Sounds Of The Sea

In this image, sub-mesoscale ocean dynamics, like eddies and small currents, are responsible for the swirling pattern of these phytoplankton blooms (shown in green and light blue) in the South Atlantic Ocean on Jan. 5, 2021. Image Credit: NASA/Goddard Space Flight Center Ocean Color/NOAA-20/NASA-NOAA Suomi NPP

Sounds Of The Sea

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June 12, 2022

Sara Blumberg (NASA)–Experience the swirls off the coast of Río de la Plata to the upwellings in the Indian Ocean put to musical notes of imagery from our own Earth-observing satellites. For the last 18 months, a scientist and his brother at NASA’s Goddard Space Flight Center in Greenbelt, Maryland, have been developing an online program that merges ocean color data with musical notes. The goal is to give onlookers an immersive experience into the ocean imagery Goddard scientists study everyday in an effort to understand the complexities of a large, changing ecosystem. “We wanted to tell a story to appreciate the connectivity of our Earth’s ocean through this aural sonic experience,” said co-creator and Goddard scientist Ryan Vandermeulen. “We use music because it’s engaging and dynamic and connects us across a wide variety of backgrounds.”

Join us on a tour of sounds of our ocean and explore how we created the harmonies.

First Stop: Río de la Plata 

Vandermeulen’s “oceanographic symphonic experience” started with an ocean color image of Río de la Plata. He was struck by its complexity: the beautiful sediment plumes spilling off the shore, the “crazy swirls and whirls” he followed in the bay, and the large sediment plume that seemed to spiral everywhere. Vandermeulen had a thought – what would this image sound like? “I started by extracting transactive data from satellite images. I looked at the patterns of the red, green, blue channels,” he said. “Clearly, they weren’t traveling in the same direction. There was something there.” In order to use the data, he rescaled the individual color channels and assigned musical notes to express changes in the image. “The data itself, you’re listening to it as it exists. The variations are creating a natural palette for the ear,” he said.

Second Stop: Bering Sea First Stop: Río de la Plata  

After pulling the data from the ocean color imagery, Vandermeulen was looking for ways to merge the data with sound. 

Enter Jon Vandemeulen, Vandermeulen’s brother and programmer. “So I have experience doing digital music production because I fancied myself a rockstar,” he joked. “ And so I decided to help and told him it wasn’t optional, this was a great idea.” After bugging his brother for data, Jon created a programmatic interface that translated the data into musical notes. He then rebuilt the tool so the translated data could be imported into a digital audio workstation. For Jon that was GarageBand. Their website allows anyone to import data to create music for free. The program created the music for an ocean color image of the Bering Sea, exploring a satellite that captured an eddy or a circular movement of water. The brothers focused on the data coming from the image’s red, green and blue channels. “It’s a pretty straightforward audio experience. It’s three simple instruments plucking along and you can hear when one goes up, one goes down. You can really hear the harmonies,” Jon said.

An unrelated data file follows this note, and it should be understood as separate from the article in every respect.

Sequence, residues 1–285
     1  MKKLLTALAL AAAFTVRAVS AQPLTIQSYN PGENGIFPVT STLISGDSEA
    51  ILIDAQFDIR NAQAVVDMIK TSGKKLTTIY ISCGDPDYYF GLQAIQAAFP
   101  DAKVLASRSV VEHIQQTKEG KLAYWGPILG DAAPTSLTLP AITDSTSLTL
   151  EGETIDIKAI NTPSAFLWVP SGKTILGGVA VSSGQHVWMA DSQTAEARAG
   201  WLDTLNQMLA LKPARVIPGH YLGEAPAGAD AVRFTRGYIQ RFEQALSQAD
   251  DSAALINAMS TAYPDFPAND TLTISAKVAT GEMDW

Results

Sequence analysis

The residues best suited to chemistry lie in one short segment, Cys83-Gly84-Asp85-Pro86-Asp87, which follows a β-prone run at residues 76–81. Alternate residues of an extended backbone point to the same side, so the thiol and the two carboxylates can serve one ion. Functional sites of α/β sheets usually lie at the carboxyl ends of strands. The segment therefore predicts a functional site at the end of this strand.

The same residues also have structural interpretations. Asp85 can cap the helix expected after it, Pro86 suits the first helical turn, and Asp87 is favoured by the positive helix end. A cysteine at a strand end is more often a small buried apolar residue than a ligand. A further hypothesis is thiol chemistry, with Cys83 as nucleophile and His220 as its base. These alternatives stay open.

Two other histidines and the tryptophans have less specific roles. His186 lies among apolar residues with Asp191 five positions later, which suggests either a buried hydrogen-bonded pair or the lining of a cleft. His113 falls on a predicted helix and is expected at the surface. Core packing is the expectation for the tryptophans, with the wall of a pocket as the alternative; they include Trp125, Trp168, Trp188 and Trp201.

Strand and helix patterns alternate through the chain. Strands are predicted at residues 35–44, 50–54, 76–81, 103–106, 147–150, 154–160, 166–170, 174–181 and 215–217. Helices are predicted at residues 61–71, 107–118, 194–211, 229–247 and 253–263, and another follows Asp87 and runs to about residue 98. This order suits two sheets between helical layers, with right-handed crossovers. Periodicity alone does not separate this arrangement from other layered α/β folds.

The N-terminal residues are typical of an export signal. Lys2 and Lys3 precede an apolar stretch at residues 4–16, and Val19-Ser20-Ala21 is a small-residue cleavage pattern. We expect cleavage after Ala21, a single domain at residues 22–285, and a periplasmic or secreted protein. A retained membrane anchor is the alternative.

Third Stop: Coral Sea

The study of ocean color helps scientists gain a better understanding of phytoplankton and their impact on the Earth system. Goddard’s Ocean Ecology Laboratory is dedicated to this. “The whole root of everything we’re seeing with our eyes is based on the sensitivity of these red, green and blue photoreceptors on photons being reflected from everything around us,” Vandermeulen said. “When we’re looking at an object, light enters our eyes and stimulates our cone cells. Our brain then interprets the signals from these cells so that we see the perceived color of an object.” At NASA, some Earth-observing satellites have detectors that act like human cone cells, sensitive to specific wavelengths of light. Through this technology, they are able to detect ocean color at a resolution above what humans are capable of seeing. “We started to toss around the idea of capturing and isolating the individual wavelength components,” Vandermeulen said. “Instead of interpreting this into a picture, what if we could translate these variations into this sonic experience – something that could stimulate our brains in a different way.” With the Coral Sea, the brothers created a melody that focused on a year’s worth of data from the Aqua-MODIS satellite, extracted from a series of 32-day average global image of chlorophyll a-, a specific form of chlorophyll used in photosynthesis. The 48 images collected display all four seasons in Australia. 

Fourth Stop: Indian Ocean, Northwest Australia

The Indian ocean of northwestern Australia also caught the eye of both brothers. “It looks like swirls of coffee creamer,” Jon said. The data consisted of 31 days of satellite imagery, combining multiple wavelengths of light being reflected from the ocean’s surface. “It was something special.” Jon wanted to try something different, so he created a way to offset each day of data. What resulted was a waltz-inspired melody.

The creation of their audio program is just the beginning of the brothers’ project. They hope to create more music-inspired imagery as they move forward. At NASA, sonifications aren’t just of the ocean, they are also created for our solar system. Check out NASA’s Soundcloud page for a list of more melodies of space and beyond.

Read Full Article Here: Hear ‘Sounds of the Sea’ in Ocean Scientists’ Music Project

By Sara Blumberg
NASA’s Goddard Space Flight Center, Greenbelt, Md.

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